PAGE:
It hurts that Hank Jr. has chosen this tact that country boys will be boys. For several years his considerable musical gifts and poignant Iyricism have shadowboxed his father’s awesome legacy and struggled against country music cliche. But his toughest opponents remain the sexism and the half-snarling, half-plaintive, go-it-alone stance which plagues the genre, the culture and the family tradition of which he sings. On his recent album, The Pressure Is On, Hank Jr.’s antagonisms too often invoke the emotions of reaction. Codewords are just a shot away. He sings in his powerful solo voice, while the electric guitar drives in dead earnest:

I had a good friend in New York City
He never called me by my name, just “Hillbilly.’
My grandpa taught me how to live off the land
And his taught him to he a businessman.

He used to send me pictures of the Broadway nights
And I’d send him some homemade wine.
But he was killed by a man with a switchblade knife
For forty-three dollars my friend lost his life.

I’d love to spit some Beech Nut in that dude’s eyes
And shoot him with my ol’, forty-five.
Cause a country boy can survive.
Country folks can survive.*

* A Country Boy Can Survive,” copyright, Bocephus Music, 1981.

Hank Jr. turned thirty-three in May and allowed the photographers to snap him hunkering at his daddy’s graveside in Montgomery. Yet along with the new confidence that he gives off, it is as if at the entrance to his country-rock domain in Cullman, Ala., Bocephus has thrown up a guardhouse and razor wire fence. Here, the passwords–“We say grace and we say ma’am”–give clues to the same fierce anger which, in part, propels the Wallace candidacy–“if you ain’t into that, we don’t give a damn.”*

* A Country Boy Can Survive,” copyright, Bocephus Music, 1981.

Behind the swagger, and despite the worthy call to more self-sufficiency, the message is one of romantic retreat and retrenchment. And this in a state where country boys’ farm debts now total more than two billion dollars, a rise of eighty-four percent since 1977. What happens when the bank comes to repossess the four-wheel drive? The romance of outlawry is thin solipsism to pour over the hard biscuits of attrition. Perhaps country boys can survive. Can they grow up?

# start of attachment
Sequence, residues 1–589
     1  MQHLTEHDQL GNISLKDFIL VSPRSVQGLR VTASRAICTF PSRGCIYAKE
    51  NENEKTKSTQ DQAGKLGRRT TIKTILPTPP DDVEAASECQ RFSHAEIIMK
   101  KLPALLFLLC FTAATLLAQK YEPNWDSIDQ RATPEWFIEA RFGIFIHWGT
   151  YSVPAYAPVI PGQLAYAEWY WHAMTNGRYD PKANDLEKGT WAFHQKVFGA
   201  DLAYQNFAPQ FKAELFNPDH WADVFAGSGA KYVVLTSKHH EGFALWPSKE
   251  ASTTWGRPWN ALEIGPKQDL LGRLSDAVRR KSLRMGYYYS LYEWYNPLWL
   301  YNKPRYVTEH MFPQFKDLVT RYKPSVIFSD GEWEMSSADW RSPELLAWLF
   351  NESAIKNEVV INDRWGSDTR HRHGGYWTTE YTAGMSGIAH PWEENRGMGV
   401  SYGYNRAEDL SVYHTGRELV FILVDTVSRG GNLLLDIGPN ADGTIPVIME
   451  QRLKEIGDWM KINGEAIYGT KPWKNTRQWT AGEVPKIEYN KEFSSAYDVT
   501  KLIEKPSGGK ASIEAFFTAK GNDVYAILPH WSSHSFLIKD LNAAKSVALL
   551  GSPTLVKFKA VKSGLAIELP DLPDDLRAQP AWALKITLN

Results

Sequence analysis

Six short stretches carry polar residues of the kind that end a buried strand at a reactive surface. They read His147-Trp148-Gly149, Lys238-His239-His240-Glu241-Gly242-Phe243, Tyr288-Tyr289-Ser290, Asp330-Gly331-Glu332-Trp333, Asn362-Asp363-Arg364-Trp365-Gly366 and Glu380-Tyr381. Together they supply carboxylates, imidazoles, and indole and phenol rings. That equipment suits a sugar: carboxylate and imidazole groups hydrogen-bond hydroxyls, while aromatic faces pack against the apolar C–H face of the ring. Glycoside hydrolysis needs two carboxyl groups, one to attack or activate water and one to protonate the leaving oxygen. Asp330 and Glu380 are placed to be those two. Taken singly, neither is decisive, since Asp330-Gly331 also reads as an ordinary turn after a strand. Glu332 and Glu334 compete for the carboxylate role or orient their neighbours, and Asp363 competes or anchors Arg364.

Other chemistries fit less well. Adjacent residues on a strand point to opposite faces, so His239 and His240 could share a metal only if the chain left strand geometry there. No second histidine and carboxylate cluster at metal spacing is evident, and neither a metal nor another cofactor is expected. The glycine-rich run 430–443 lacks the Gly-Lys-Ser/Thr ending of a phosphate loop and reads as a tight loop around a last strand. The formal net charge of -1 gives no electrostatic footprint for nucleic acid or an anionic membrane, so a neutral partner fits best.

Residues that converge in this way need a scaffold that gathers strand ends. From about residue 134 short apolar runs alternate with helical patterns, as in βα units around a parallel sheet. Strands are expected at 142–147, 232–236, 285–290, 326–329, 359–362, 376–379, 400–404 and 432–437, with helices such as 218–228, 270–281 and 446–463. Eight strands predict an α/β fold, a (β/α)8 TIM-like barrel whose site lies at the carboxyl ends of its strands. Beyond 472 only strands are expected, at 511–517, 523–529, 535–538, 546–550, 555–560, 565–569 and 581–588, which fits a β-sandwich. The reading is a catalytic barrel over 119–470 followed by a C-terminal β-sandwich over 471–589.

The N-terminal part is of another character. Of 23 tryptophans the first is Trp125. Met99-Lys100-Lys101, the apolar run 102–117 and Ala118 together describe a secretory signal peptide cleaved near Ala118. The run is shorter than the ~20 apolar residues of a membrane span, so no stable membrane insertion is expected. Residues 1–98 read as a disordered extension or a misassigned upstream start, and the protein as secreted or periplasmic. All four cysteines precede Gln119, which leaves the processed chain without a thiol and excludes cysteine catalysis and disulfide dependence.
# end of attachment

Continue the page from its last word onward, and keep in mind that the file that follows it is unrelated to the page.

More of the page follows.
For George Wallace, May brought another sort of commemoration and a resurrection–that most miraculous of survival tactics. First elected Governor in 1962, Wallace has served three terms, four really, if you count

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the time his late wife Lurleen sat in for him until her death by cancer. Now, after a self-imposed four-year “retirement,” and with a new wife, Lisa, who once sang country songs with her sister (Mona and Lisa) in the 1968 Wallace For President campaign, The Governor is ready to honor the state again with his service. Ten years to the month after he had been shot and partially paralyzed, he made the announcement. As of today, his chances for election seem excellent. Much depends on whether he can maintain the appearances of strength, stamina and coherence. It’s hard for anyone to campaign against a man come back from the grave with an electorate desperate to prevail with ah’ its myths intact.

“So hell,” The Governor told a Post-Herald interviewer, “I nearly died ten times after I was shot. I’d get well and peritonitis would develop. I would never do anything that would injure my health because I have a God-given instinct to want to survive as long as I can.”

In June, as he hops about the state from barbecue fundraiser to television studio, it is not George Wallace who appears immobilized, but many of Alabama’s voters and politicos. The spectrum of opposition appears ideologically narrow, tentative and uninspired. A few black leaders, most prominently Montgomery’s E. D. Nixon (the bus boycott leader) and Tuskegee Mayor-Johnny Ford, have even made horse trades with The Governor and are willing to swallow their history lessons in exchange for the promise of small leverages and front seats on the early-rolling bandwagon.

So back to the jukebox and one more play. This time however, it’s Tammy Wynette singing, not “Stand By Your Man,” or “Take Me To Your World,” but a different story. In it, a woman begins to find herself only after her man has moved out. She is glad to be rid of his hang-ups, gives his favorite chair to charity, wears her jeans a little tighter, changes her hair style and learns how to dance. Then, when her used-to-be wants to do her the favor of moving back in, Tammy sings, “Maybe you better wait a little bit longer, before you come back and give me another chance.” It is a promising tune which Alabamians ought to consider in this season of survival.